jackjack
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Joined: Wed Jan 11, 2017 7:26 pm

Crown of Thorns over winter

Hi everyone,
This past summer I was lucky enough to get a crown of thorns tree from a neighbor who had to give it up due to her grandchildren and the risk of its sharp spikes. It did wonderfully outside over the summer, but when I brought it in it started losing leaves. I have it in the brightest spot in my house now (between a northwest facing and a southwest facing window) and it's still losing leaves yet still blooming. I water it once every few weeks and never let the soil get too wet. Is there something I'm doing wrong? Please help! I love this plant and need to get it through the winter!

baileysup
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Joined: Fri Nov 12, 2010 4:04 pm
Location: NE-PA(Zone 6a-5b)

Re: Crown of Thorns over winter

Is it a ficus, or a tree that can be inside? Most trees die inside, cause they need dormancy of winter. Your location, and climate will help too.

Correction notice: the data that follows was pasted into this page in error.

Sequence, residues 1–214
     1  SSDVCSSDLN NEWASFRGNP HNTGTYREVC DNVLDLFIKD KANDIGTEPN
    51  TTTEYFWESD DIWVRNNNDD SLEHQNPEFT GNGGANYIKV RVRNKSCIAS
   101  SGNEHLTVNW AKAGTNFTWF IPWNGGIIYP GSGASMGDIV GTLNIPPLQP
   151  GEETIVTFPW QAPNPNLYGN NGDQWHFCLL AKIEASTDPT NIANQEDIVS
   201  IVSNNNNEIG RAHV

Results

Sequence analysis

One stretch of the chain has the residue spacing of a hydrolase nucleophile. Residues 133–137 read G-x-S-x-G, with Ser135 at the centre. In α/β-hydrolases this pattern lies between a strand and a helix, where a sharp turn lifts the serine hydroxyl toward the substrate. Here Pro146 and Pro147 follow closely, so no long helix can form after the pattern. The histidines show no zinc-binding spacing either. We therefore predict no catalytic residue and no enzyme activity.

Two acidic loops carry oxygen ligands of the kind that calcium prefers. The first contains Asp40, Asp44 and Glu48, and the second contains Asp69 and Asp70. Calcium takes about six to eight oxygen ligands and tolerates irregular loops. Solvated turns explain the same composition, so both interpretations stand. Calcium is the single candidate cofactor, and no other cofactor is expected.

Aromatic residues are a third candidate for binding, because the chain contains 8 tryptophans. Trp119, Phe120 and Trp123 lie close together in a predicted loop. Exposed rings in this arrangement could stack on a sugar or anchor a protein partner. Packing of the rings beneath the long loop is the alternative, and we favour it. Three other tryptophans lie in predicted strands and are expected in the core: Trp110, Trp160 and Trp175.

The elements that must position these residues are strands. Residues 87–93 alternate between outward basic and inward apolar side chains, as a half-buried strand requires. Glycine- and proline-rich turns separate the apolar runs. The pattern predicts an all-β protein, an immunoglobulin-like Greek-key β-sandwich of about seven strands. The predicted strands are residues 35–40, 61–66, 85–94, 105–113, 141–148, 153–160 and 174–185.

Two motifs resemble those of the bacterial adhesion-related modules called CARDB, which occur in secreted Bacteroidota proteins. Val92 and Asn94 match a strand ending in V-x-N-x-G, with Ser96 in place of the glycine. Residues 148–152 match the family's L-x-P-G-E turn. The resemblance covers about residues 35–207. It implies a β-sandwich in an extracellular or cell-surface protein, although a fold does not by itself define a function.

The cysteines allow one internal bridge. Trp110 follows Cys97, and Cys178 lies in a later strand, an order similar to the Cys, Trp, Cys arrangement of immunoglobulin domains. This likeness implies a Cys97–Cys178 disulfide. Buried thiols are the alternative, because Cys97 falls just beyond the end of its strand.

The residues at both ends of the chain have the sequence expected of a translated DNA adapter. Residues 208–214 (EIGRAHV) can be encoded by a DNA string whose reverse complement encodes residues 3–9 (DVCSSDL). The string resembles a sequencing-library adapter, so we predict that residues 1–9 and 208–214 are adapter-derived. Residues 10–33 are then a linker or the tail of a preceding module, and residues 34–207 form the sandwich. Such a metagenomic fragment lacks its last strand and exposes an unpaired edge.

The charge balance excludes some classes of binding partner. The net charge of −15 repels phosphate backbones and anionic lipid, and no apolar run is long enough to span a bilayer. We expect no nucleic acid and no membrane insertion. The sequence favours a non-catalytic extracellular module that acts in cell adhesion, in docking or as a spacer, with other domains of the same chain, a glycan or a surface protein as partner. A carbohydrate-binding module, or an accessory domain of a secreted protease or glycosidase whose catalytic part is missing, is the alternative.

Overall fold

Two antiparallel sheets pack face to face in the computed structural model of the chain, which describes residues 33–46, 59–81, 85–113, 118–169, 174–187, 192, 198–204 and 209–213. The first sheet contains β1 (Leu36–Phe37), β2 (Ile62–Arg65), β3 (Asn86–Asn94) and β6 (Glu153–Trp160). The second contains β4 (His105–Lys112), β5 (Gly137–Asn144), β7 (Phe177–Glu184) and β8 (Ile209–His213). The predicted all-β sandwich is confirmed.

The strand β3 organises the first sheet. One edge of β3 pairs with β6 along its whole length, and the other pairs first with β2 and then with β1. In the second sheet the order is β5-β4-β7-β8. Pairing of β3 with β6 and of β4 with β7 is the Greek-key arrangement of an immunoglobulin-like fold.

ButterflyLady29
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Location: central Ohio

Re: Crown of Thorns over winter

Make sure you aren't watering it too much. Leaf loss is usually very common when an outdoor plant is moved to a low light location indoors. You should give it more light. You will have to put artificial light over it because the light from the window just isn't enough.

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applestar
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Location: Zone 6, NJ (3/M)4/E ~ 10/M

Re: Crown of Thorns over winter

I don't have this plant and had to look up minimum temperatures. Are you keeping it on the floor or on a table? Leaf drop might be normal if closer to the floor/colder due to proximity to window and temperature is low.

Typically, succulents go dormant in lower/lowest limit temps and will require less light and less watering. Often people overwater during the winter resting period. On the other hand heat-dried air may cause the soil to dry out faster. Do you think any of this is the case?

My go-to for indoor plant care is Logee's. Heres an excerpt from their euphorbia-crown of thorns page. What do you think?
Crown of Thorns (Euphorbia hybrids)
https://www.logees.com/euphorbia_hybrids


They can take cool nights in the winter as long as the days are above 60°F but longer periods of cold temperatures will force them in to a resting period when they will drop their leaves even to the extent of becoming leafless. Long periods of dryness will do the same
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